The Union Square neighborhood is rich in history. One of the earliest American flags -- some claim the very first -- was hoisted on Prospect Hill by none other than George Washington. During the Civil War, the square was used by the Union Army for mustering and recruitment, giving the square its current name. When Somerville was still considered part of Charlestown, Union Square became the town's first developed commercial district. The Somerville Journal Building, Old Cemetery and the Bow Street Historic District are among the Union Square properties appearing on the National Register of Historic Places.
Today, Union Square, like many other neighborhoods in Somerville, has been revitalized. The area is home to a number of great restaurants, many of which have been opened since 1990. Some of the restaurants reflect the various immigrant populations and cultures that have played significant parts in the history of Union Square. Restaurant choices range from Indian to Peruvian cuisine as well as upscale and casual American dining. Numerous markets in the area offer products that also reflect the diversity of the neighborhood, and shoppers can find grocers specializing in the ingredients needed to prepare authentic international cuisine, such as Korean, Indian and Italian foods.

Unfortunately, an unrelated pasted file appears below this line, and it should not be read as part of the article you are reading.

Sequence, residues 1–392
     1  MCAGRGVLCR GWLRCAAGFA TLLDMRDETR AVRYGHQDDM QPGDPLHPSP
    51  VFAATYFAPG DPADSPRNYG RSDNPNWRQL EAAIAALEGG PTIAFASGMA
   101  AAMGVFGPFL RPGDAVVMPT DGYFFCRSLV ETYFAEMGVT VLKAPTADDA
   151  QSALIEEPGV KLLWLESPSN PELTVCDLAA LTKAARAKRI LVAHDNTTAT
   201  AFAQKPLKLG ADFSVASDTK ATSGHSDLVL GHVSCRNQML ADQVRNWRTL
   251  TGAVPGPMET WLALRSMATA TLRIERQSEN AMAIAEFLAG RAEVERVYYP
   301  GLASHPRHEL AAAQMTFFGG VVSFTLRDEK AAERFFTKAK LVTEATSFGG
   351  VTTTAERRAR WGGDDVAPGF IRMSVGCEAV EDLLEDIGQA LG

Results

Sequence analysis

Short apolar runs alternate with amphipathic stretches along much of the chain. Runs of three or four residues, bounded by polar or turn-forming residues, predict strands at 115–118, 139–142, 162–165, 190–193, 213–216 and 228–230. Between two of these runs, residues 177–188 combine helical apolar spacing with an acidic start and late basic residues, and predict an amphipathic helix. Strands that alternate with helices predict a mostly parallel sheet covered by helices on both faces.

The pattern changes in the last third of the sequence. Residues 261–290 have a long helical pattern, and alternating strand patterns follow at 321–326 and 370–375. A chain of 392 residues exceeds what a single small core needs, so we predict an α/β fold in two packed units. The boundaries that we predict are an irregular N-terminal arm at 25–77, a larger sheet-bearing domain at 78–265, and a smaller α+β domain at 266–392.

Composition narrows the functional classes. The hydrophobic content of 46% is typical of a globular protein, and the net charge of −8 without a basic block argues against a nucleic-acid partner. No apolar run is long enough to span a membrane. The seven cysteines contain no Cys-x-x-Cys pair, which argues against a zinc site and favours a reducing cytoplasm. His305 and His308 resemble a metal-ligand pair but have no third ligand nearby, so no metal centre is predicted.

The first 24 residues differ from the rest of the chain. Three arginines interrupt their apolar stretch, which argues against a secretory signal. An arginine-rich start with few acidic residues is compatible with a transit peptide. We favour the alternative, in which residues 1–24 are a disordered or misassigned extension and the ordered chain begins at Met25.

Shopping is excellent, and various entertainment venues are located in Union Square. The area promotes pedestrian street life with a decidedly highbrow slant although some events, such as the "What the Fluff?" annual festival honoring Marshmallow Fluff -- invented in 1917 in Union Square -- do not fit neatly into this category.
Union Square is located at the intersection of Bow Street, Somerville Avenue and Washington Street in Southeastern Somerville. The square is less than one mile from Inman Square, and downtown Boston is a short commute away. The Union Square neighborhood is served by several bus lines, but there are plans to extend the Green Line to Union Square by 2017.